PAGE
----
Footloose (1984) - Drama, Music, Romance

Hohum Score



A city teenager moves to a small town where rock music and dancing have been banned, and his rebellious spirit shakes up the populace.

IMDB: 6.6
Director: Herbert Ross
Stars: Kevin Bacon, Lori Singer
Length: 107 Minutes
PG Rating: PG
Reviews: 13 out of 126 found boring (10.31%)

One-line Reviews (62)

This is just a really entertaining movie with an exceptional soundtrack of songs made for the move with no less than six top 40 hits, like the title track by Kenny Loggins and "Holding Out for a Hero" performed by Bonnie Tyler, plus a couple of other significant ditties, e.

And it was exciting to see Sarah Jessica Parker.

The only excessively silly scene is Ren's gymnastic routine in an empty flour mill, which made me laugh my butt off at how stupid it was.

Although the story is simple and a bit unrealistic,the choreography was splendid and the movie entertaining!

The music was great (though certain songs were hardly used, namely my favorite, "Somebody's Eyes"), and is alone worth watching it for.

The movie is laborious mostly, only mildly (and embarrassingly) entertaining in some sequences.

The soundtrack provides excellent support with Pop/Rock, R & B, and slow ballads.

When you are the only boy among three girls you get dragged to films like this.

Overrated and dull .

Little Singing And A Predictable Storyline, .

this is a fun, enjoyable film without driving anything into the ground or home too hard.

There is very little music in it,but where there is,there the most enjoyable parts.

The whole plot with the reverend and his daughter is just uninteresting and it ought to have been handled differently.

Great movie but predictable.

Footloose is an entertaining 80's film.

What's worse,the ending was simply contrived and manipulated as the Reverend accepted rock and roll without any convincing reason whatsoever.

It really is a crummy movie, but oddly engaging...

Lithgow is his typical entertaining self and it's nice seeing Wiest even though her role is terribly underwritten.

I enjoyed it in 1984 when it came out and I enjoyed it 24 years later, watching it on DVD.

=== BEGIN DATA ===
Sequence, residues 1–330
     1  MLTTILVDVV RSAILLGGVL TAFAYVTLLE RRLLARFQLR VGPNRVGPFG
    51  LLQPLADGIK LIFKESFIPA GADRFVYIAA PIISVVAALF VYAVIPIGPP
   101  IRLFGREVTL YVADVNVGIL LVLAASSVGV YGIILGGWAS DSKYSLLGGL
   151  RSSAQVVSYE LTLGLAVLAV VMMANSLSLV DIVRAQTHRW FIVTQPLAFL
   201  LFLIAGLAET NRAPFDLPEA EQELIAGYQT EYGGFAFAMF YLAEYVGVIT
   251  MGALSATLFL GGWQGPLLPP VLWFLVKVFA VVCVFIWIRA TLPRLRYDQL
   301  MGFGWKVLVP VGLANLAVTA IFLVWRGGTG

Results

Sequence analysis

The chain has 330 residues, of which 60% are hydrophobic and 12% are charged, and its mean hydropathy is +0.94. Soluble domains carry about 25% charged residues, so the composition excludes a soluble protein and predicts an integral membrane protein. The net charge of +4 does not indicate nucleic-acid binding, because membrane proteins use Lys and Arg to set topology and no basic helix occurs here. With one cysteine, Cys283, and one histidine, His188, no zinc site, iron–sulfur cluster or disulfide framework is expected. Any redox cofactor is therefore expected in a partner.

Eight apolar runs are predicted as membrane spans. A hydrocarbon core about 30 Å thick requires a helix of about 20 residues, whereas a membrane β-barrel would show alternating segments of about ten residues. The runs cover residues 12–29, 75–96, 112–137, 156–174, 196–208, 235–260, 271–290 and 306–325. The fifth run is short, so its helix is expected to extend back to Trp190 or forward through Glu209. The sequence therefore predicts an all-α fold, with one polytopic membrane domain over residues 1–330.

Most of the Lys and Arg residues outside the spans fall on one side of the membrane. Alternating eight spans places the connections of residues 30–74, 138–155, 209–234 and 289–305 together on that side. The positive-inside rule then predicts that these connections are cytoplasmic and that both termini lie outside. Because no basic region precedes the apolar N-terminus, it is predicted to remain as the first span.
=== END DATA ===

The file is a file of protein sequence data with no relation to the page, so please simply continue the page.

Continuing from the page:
Then I got caught up in all the bonus material, which was better than the movie, and told the exciting story of how the movie was made.

It is absolutely stunning.

Contrived teen film from the mid-80's which was fairly obviously aimed at the rebellious nature of so many of today's young people.

Many found this film to be entertaining with its lovable characters, musical score, and happy ending.

The need and joy of partying and dancing , to find some joy from the drab , repressive existance that our Institutions in Britain had planned for us all.

But no, instead of making this movie a musical, we get him being a big douche and arguing with people which is boring and makes me not care.

The cast do a good job but the story is rather bland.

Even repetitive hand gestures in a similar manner- all add to a sense of naturalism.

The premise is bland, the film is bland, that song by Kenny Loggins was kind of catchy though.

At least the movie has a few sub-plots, but none of them is interesting or gets your attention, they are all cliché and predictable.

Overall, this movie conformed to how I thought it would turn out: it was completely silly, but fun and an entertaining waste of a day off from school.

I guess the this film has everything; Religion, breaking laws, hypocrisy, protagonists, antagonists, meaningful sidelong glances, contrived situations and a nose pick.

The soundtrack alone makes the movie worth watching.

It's entertaining, foot-tapping and the now-veteran Bacon to keep you glued.

When he get's angry he takes his anger out on dancing, his dancing becomes very intense.